The Games Bullies Play

12


guy gamer.JPGI recently read a pretty disturbing article from the BBC about video games. But this isn’t the usual heard-it-all-before-video-games-are-evil fodder. No, the subject matter we’re talking about here is different, and it involves a subject we hear about all too much: bullying.

It seems as though nine out of 10 titles released today have an online component. That is, the player can join in against multiple opponents online. Sometimes it’s as a member of a team. Sometimes it’s as a lone wolf. The competition is bound to spark some low-level “trash talk”—I know because I’ve experienced it for myself—but threats of rape and even death? Really? And keep in mind that these threats are coming through a headset in real time, not words being typed on a screen.

The article I read dealt with the male—vs.- female aspect of gaming and how the two sexes interact with each other while competing online. But it went further than that. And that’s where the “trash talk” thing really went into the garbage bin. I can’t repeat the vulgar names used or the graphic threats that were made to the female players, so just take my word for it, it’s bad.

What are the major console developers doing to curtail these ridiculous actions? If a gamer tag (“CB” handle, if you will) insists on making vulgar and/or threatening comments then it should be hasta la vista for them: They should lose their online account. That’s not the case, according to the article. Some of the worst offenders still have active accounts with their respective providers.

Now that I have a daughter of my own, this stuff hits me harder than it ever has before.

Parents, here’s what you can do to maybe avoid this situation.:

1) Check out the Parental Controls on your video gaming console.

2) Keep the gaming activities in a high traffic area, not in your teen’s room.

3) Don’t accept invitations from gamer tags you don’t recognize.

4) If all else fails, simply turn off the Internet connection capability on your gaming console.

That last one will most likely create some static between you and your kid, but it may spare them some seriously turbocharged “trash talk.”

Who wrote this?

Graphic Designer for PLUGGEDIN.COM. Cutting his design teeth at Scripture Press/Cook Communications, Kevin brings years of ministry and freelance experience to Plugged In's visual presentation. He also analyzes video games for our reviews and contributes an occasional blog.

Have something to say? Leave a comment.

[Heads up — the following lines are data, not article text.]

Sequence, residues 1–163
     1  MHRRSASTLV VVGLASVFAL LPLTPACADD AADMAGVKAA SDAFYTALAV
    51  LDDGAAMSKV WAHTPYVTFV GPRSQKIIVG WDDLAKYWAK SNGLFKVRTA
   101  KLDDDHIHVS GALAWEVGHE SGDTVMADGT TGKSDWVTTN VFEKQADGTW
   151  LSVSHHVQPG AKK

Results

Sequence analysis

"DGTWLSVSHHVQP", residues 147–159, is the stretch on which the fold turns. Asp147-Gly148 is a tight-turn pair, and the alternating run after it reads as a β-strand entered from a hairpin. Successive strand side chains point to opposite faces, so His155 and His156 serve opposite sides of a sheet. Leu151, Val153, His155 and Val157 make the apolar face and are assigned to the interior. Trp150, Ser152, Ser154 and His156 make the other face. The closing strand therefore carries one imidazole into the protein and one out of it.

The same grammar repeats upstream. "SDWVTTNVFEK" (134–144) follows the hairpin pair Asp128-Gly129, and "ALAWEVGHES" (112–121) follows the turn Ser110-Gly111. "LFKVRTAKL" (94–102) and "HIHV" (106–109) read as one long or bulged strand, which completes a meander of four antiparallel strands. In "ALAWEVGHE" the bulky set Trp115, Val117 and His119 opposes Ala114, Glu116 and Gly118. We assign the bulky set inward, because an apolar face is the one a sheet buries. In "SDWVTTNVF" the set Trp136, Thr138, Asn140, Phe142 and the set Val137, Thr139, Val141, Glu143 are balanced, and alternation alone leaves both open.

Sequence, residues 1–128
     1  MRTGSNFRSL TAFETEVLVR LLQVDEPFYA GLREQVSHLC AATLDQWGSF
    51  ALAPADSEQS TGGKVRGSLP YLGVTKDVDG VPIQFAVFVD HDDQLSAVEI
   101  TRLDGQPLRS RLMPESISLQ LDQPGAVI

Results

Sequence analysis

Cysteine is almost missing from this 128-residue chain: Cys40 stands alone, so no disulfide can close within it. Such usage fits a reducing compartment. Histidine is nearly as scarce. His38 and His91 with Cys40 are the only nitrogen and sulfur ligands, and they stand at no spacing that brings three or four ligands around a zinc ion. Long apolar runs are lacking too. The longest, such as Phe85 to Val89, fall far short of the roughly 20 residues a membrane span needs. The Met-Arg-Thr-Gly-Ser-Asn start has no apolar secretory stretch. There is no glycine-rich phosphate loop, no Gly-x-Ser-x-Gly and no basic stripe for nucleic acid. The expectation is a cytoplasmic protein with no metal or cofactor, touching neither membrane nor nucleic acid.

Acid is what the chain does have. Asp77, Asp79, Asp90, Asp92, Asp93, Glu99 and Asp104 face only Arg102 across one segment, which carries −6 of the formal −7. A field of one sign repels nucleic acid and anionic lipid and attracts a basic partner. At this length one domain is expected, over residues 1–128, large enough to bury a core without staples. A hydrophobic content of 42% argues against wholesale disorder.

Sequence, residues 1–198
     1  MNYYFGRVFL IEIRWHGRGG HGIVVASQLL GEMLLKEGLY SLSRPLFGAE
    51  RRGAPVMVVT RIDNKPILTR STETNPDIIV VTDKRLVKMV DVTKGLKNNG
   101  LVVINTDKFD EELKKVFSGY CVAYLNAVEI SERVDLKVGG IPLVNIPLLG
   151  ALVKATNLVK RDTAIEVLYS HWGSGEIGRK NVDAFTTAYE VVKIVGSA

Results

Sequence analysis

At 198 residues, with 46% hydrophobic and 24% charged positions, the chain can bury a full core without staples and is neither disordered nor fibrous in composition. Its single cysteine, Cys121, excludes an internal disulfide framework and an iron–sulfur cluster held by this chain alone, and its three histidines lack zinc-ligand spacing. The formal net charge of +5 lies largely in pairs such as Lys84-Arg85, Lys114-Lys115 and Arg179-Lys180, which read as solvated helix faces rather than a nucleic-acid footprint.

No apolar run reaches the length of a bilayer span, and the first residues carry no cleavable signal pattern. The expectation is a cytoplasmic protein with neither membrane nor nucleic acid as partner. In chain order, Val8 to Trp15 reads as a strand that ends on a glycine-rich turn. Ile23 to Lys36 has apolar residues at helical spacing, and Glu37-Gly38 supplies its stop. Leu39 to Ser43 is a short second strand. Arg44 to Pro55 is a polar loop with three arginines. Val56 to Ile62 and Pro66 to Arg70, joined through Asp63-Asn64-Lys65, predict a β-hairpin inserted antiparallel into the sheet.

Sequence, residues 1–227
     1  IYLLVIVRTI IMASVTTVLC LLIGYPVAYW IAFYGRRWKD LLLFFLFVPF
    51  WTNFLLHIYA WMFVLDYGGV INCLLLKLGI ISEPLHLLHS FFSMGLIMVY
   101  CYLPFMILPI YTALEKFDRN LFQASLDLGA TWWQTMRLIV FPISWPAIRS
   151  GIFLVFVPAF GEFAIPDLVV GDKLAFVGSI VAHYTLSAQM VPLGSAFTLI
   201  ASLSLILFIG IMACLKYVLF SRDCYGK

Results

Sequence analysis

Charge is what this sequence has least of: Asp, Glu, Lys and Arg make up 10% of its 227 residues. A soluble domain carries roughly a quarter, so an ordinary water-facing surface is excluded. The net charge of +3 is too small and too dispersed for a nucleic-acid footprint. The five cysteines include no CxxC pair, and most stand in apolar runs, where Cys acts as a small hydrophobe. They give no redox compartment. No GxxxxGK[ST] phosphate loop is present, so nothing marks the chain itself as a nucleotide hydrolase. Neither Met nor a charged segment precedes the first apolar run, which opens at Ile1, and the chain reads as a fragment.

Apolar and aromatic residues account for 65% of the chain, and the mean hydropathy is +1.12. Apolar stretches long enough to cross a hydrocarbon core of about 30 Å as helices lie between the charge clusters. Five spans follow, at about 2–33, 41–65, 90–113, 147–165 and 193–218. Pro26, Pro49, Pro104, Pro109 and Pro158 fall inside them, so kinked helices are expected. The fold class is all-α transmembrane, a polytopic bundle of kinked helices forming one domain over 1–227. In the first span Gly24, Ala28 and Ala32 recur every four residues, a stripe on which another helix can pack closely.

Anonymous More than 1 year ago

Comment by  Tancosin:

Indeed. Team Fortress 2 is probably my favourite game (most played for sure - Steam tells me I have 641 hours on it), and one of the best parts is it's community, which seems to mostly be made up of guys between the ages of 20 and 40.

I find pretty much anything PC-exclusive is usually more friendly.

Anonymous More than 1 year ago

Comment by  Brian:

Agree with Mike and others - the worst abuse that I've ever encountered or heard on things like Xbox Live has been from younger players - ones who should have parents present.  In addition, there are certain games which regularly attract these sort of people (primarily Halo games, Call of Duty, and some PC games like DOTA) while other online communities are very friendly and opening (Team Fortress, Dark Souls, Battlefield).  The problem is that the vocal abusers overshadow many in much the same way that a squeeky wheel detracts from the quiet, efficient running of the rest of a machine.  By no measure is it the majority of the contraption, it's just the most jarring.

Threats in these sorts of environments are ones which are definitely shocking, but they are also typically a random, juvenile bluster - they are made simply because the abuser has no intelligent way to trash talk (unlike Robin Williams in Hook or Shakespeare in many of his plays).  I'm not excusing the crude behavior of some people in the community, but what has been done is anonymity has allowed some to act without consequences.

Anonymous More than 1 year ago

Comment by  Bob:

Solution? Turn off the volume (at least its what I do).

Anonymous More than 1 year ago

Comment by  Anon:

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Beyond the authentication, sound quality, and interpretive issues (which person is saying this, which that, etc.), I imagine it would be very difficult in many cases for an outside observer to separate abuse worthy of disciplinary action from the constant stream of playful banter.